Yes, November is Diabetes Month. This disease has become one of the most rampant in the world, as people succumb to the ills of modern day living. Not enough exercise, too many refined and nutritionally bankrupt foods, containing too much sugar and not enough nutrition, and a lifestyle of stress and being overworked.
The signs and symptoms of diabetes are frequent urination, excessive thirst, increased hunger, weight loss, tiredness, poor concentration, tingling or numbness in the hands or feet, blurred vision, frequent infections, slow healing wounds, vomiting and stomach pain. The symptoms of Type II Diabetes can be mild or even absent initially, making this type of diabetes difficult to detect.
Pre-diabetes is a condition that almost always develops before full blown diabetes. Blood glucose levels are higher than normal but not quite high enough to be considered diabetes. Sometimes this condition is referred to as impaired glucose tolerance or impaired fasting glucose and the condition places people at risk for developing diabetes and cardiovascular disease. Although you may not have any overt signs of pre-diabetes, once it is confirmed you should be checked for diabetes at least every two years. Indicators for pre-diabetes are an A1C (the average blood glucose of the past two or three months) of 5.7 to 6.4 percent, a fasting blood glucose of 100-125mg/dl and an oral glucose tolerance test (OGTT) of 2 hour blood glucose of 140mg/dl-199 mg/dl.
Research shows that you may not automatically go on to have diabetes from pre-diabetes if you reduce your body fat and begin exercising even moderately.
The normal numbers for A1C are less than 5.7 percent and frank diabetes is 6.5 percent or higher. The normal number for fasting plasma glucose is less than 100mg/dl and for diabetes is 126mg/dl or higher. The normal number for OGTT is less than 140 mg/dl and for diabetes is 200mg/dl or higher.
The complications of diabetes are serious. High blood sugar levels lead to serious diseases affecting the heart and blood vessels, the eyes, kidneys, nerves and even your teeth. Those with diabetes also have a higher incidence of developing infections. Diabetes is the leading cause of cardiovascular disease, blindness, kidney failure and lower limb amputation.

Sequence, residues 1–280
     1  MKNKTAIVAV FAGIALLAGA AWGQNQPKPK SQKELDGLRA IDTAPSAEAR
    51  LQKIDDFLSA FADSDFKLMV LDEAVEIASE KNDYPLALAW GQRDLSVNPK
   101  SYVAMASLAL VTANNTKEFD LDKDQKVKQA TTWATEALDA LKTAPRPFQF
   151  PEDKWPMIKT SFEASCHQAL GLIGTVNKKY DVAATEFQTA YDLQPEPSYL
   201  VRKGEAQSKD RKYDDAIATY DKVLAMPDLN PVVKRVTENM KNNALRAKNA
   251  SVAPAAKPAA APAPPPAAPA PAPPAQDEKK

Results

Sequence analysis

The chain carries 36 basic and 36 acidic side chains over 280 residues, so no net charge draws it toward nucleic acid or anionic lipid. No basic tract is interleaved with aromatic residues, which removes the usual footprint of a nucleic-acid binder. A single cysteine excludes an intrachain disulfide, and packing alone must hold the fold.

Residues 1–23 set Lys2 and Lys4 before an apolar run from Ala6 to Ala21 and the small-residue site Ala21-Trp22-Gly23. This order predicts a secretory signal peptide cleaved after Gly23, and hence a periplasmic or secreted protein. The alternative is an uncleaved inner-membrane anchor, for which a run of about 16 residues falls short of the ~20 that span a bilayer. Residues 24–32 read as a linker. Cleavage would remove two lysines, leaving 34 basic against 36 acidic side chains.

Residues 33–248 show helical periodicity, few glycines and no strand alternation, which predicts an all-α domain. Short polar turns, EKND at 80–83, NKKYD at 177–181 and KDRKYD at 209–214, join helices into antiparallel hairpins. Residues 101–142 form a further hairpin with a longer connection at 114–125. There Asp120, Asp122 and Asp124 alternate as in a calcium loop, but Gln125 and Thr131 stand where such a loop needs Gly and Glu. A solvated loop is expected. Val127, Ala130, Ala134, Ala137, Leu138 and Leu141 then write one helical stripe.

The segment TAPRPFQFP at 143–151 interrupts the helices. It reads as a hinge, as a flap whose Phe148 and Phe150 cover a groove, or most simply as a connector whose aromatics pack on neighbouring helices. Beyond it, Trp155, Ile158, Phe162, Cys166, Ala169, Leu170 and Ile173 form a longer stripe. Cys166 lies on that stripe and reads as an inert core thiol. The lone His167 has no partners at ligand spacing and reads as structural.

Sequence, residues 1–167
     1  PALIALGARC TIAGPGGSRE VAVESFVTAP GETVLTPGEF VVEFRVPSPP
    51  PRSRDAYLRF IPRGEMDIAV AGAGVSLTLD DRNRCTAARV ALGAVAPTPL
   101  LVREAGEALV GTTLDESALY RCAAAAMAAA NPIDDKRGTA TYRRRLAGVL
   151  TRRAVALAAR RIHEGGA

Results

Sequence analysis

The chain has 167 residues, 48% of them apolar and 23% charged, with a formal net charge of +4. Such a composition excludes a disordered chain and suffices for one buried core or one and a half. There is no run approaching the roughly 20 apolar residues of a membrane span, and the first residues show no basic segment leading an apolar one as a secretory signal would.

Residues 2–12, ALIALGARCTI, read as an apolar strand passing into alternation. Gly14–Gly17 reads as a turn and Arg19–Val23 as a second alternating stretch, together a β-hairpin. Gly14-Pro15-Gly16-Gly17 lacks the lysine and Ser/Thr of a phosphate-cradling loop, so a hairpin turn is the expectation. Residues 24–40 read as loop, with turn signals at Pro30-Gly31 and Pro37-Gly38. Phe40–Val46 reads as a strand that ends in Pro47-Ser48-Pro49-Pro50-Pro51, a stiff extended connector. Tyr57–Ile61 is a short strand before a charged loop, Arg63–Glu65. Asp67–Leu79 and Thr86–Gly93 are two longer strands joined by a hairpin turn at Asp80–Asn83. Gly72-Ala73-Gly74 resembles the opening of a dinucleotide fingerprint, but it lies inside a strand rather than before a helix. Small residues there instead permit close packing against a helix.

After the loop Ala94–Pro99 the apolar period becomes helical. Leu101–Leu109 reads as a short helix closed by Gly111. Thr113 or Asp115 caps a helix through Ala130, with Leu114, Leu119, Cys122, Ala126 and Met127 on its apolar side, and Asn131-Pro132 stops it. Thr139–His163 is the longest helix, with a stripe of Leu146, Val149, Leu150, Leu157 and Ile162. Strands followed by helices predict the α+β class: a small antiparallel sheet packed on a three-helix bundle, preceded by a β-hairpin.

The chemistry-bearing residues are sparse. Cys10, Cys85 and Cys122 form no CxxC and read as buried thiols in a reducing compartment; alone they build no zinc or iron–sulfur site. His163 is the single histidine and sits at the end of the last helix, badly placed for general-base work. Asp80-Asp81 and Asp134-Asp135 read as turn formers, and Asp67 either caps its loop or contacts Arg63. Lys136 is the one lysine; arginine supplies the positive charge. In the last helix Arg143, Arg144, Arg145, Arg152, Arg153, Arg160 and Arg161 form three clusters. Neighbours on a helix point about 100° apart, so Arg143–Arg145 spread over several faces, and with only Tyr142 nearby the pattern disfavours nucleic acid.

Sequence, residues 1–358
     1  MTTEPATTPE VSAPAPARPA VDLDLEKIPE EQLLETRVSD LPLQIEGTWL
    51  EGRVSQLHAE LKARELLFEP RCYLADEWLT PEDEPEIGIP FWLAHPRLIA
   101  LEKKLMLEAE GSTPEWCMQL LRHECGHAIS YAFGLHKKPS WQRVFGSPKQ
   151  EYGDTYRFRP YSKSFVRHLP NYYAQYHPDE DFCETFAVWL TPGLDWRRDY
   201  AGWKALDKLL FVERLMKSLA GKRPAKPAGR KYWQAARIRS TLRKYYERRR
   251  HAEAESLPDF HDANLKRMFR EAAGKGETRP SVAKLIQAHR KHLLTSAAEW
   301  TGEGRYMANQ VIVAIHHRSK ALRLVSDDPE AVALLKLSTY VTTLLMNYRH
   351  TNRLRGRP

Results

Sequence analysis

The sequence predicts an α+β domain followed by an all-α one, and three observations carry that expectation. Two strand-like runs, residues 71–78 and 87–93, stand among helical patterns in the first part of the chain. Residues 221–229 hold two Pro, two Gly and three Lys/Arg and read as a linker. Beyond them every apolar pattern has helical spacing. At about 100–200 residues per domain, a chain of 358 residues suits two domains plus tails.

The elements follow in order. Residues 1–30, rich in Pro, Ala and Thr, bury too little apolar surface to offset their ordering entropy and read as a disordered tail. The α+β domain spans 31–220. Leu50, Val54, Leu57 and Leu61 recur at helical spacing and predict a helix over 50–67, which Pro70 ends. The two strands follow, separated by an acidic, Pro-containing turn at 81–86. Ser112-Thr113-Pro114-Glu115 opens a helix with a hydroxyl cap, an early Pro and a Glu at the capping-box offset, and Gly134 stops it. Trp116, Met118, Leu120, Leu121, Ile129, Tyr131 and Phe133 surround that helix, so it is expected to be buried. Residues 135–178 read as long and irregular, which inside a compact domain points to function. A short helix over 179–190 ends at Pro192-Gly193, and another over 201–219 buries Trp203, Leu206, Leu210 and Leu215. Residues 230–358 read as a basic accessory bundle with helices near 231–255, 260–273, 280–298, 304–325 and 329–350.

For those with diabetes, cardiovascular disease is the leading cause of death. Diabetes affects the heart and blood vessels and can lead to fatal complications such as coronary artery disease leading to heart attack and stroke. Kidney disease arises from diabetic complications because of damage to the small blood vessels in the kidneys. This causes the kidneys to become far less effective in removing impurities from the blood and also leads to high blood pressure.
Diabetic neuropathy is nerve damage which can extend throughout the entire body. This can lead to problems with digestion, erectile dysfunction and damaged nerves in the extremities.
Among the most common issues are peripheral neuropathy which means that the feet in particular may tingle, pain or simply be numb. Loss of feeling is very serious as injuries can go unnoticed leading to infections, and possible amputations. The risk of amputation is 25 times higher for those with diabetes than for people with normal blood sugar.
Eye disease, especially diabetic retinopathy, can cause reduced vision and blindness because the high levels of blood sugar together with high blood pressure and high cholesterol damage the blood vessels in the back of the eye.
Finally, women with any type of diabetes throughout pregnancy risk a number of complications. To prevent organ damage to the baby, women with diabetes must maintain normal glucose levels throughout their pregnancy.
High blood glucose levels during pregnancy can mean the baby will put on excessive weight leading to problems at birth and a sudden drop in blood glucose levels after birth. Children who were exposed to high levels of blood sugar during gestation are prone to developing diabetes.
You can change the future by attending to the present!
Jane Riley, M.S., B.A., C.P.T., Certified Nutritional Adviser, can be reached at firstname.lastname@example.org, 212-1451 or www.janerileyfitness.com.